IMG_4969On several occasions, recently, I’ve been asked to provide my expertise to authors whose books have featured characters in the Music Industry – I’ve worked in the International Music Business for most of my adult life – and it got me thinking about my own writing and areas where I’ve been in need of ‘expert’ advice. I write crime stories and sometimes they venture into the hazy world of MI5 and MI6, and although I can call on my own experience back in my distant youth when I worked at the Foreign and Commonwealth Office in Whitehall, London, limited though it might be, I still need to clarify details and exactly what each part of the British Secret Security Services does. Of course I can always delve into their websites for general information and it is now possible to contact their Press Offices who are happy to work with authors. I’ve also been fortunate enough to have met a retired Detective Chief Inspector – also an author – on Facebook, who has been kind enough from time to time to answer my many question about police procedure.

It is important as writers, especially crime writers, to get our facts right when telling a story which may well involve the investigation of a particular crime. And, as I mentioned earlier, I’d been thinking about my knowledge base and how to expand it for some time. Late last year I was lucky enough to discover the answer. I found several British Universities offering on-line courses in various aspects of Forensics – fantastic. Just what I was after. Somewhere I could educate myself at my own pace at home. Since starting my first course – Human Identification and Forensic Science – which introduced me to the world of clandestine burials and the identification of skeletal dismembered remains, which I and the other students managed to eventually identify – using the most recent methods of facial reconstruction, DNA and Anthropology – working as part of the Forensic and Police investigation of a missing person, I have undertaken two further courses.

The second course I’ve completed was an introduction to Criminal Justice and Forensic Science. I learned about the complex world of DNA profiling and Fingerprint analysis and researched many criminal cases where miscarriages of justice had been discovered and how convictions had been over-turned and the role played by Forensic Science in obtaining evidence and solving crimes. It was a real eye-opener I can tell you.

The third course I’ve completed recently, Forensic Psychology: Witness Investigations, has been fascinating and has made me realise just how we cannot always believe our own eyes and memories. During this course I and the other students worked alongside the police in the investigation of an armed robbery and we (virtually) sat in on the interviews with witnesses by two detectives. One used old fashioned methods investigating the case and conducting interviews, getting the witness to tell their story, often with prompts and leading questions using Photofit pictures of a selection of potential suspects and a physical line-up to identify the suspect. The other detective conducted their witness interviews using the latest methods – neuro-psychological techniques – to question the witnesses, allowing them to relate their story uninterrupted and not prompted, and using computer generated images of faces where the witness was able to move the eyes, nose and lips etc. to build an image they felt was closest to the suspect they’d witnessed. This method helped solve the case faster, more accurately, and didn’t lead or suggest anything to the witness.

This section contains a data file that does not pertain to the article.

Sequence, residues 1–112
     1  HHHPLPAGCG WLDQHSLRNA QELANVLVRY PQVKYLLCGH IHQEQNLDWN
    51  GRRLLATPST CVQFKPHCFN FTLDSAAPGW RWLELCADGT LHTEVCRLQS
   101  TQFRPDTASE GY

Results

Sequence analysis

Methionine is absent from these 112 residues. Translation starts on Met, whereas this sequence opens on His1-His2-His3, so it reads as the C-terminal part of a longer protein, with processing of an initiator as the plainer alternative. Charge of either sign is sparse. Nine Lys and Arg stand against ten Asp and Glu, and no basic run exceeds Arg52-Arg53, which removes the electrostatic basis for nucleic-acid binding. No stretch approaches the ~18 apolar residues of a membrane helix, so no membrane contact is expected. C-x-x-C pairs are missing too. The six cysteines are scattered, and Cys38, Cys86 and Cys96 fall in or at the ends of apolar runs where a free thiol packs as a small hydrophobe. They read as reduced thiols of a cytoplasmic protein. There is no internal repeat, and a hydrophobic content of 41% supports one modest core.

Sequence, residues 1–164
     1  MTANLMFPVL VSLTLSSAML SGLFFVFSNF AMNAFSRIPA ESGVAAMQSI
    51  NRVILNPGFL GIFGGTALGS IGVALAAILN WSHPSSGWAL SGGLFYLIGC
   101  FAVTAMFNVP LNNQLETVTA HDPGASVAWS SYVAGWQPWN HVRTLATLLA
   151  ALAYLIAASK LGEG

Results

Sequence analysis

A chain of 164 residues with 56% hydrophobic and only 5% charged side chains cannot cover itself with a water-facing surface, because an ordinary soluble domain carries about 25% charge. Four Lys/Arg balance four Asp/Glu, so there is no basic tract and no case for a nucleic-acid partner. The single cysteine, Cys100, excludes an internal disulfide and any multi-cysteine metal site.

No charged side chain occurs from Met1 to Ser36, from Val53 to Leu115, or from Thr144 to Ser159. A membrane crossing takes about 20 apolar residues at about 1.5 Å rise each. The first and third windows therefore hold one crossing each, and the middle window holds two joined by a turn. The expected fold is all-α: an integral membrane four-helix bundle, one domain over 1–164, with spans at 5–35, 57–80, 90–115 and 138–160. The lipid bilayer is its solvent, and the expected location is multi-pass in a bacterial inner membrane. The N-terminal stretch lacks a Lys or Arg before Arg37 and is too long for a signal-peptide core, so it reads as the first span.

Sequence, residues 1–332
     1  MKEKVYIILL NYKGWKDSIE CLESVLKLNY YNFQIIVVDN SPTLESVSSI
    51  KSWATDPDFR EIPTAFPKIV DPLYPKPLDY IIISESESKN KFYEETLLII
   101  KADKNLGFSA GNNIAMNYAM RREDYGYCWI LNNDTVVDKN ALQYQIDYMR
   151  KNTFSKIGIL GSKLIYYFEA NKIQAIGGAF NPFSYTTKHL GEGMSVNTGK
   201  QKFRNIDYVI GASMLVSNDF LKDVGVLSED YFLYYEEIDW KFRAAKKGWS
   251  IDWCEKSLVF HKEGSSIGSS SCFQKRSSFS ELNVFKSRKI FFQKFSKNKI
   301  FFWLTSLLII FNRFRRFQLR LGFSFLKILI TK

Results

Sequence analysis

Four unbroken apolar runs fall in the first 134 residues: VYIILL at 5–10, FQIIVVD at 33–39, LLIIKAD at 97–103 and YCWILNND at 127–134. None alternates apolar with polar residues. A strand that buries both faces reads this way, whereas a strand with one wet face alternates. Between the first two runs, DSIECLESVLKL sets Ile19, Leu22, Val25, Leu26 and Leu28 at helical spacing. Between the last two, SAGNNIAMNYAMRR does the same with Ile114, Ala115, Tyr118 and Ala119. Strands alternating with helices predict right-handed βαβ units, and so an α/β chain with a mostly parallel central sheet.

Now, armed with my new knowledge and basic understanding of how to investigate a crime, make an identification of a skeleton from basic anthropology and forensics, right through to getting a witness to a crime to relate what they saw more accurately, I am more confident in my crime writing. Those authors for whom I was a musical consultant tell me I gave them that same confidence. Keeping things real and accurate for our readers. Most important for me as a writer and also as a reader. I hate finding inaccuracies in crime stories I read and I hope my readers won’t find any in mine.


Jane Risdon has spent most of her adult life in the International Music Business, managing songwriters, musicians, singers, and record producers with her musician husband. Always longing to write she never had the opportunity until a few years ago when her husband’s former fan-club secretary, ex rock journalist, and now award winning author, Christina Jones, urged her to take the plunge. Since then Jane has become a published author with Accent Press and has contributed to various anthologies as well as co-writing with Christina. Their novel is due out later this year. Jane is also writing a series of novels, Ms Birdsong Investigates, about a former MI5 Officer who finds herself investigating a missing woman and ends up tackling Russian Mafia and Ukrainian people traffickers in rural Oxfordshire.

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Disclaimer: The views and opinions expressed in guest blog posts on this website do not reflect those of the blog host.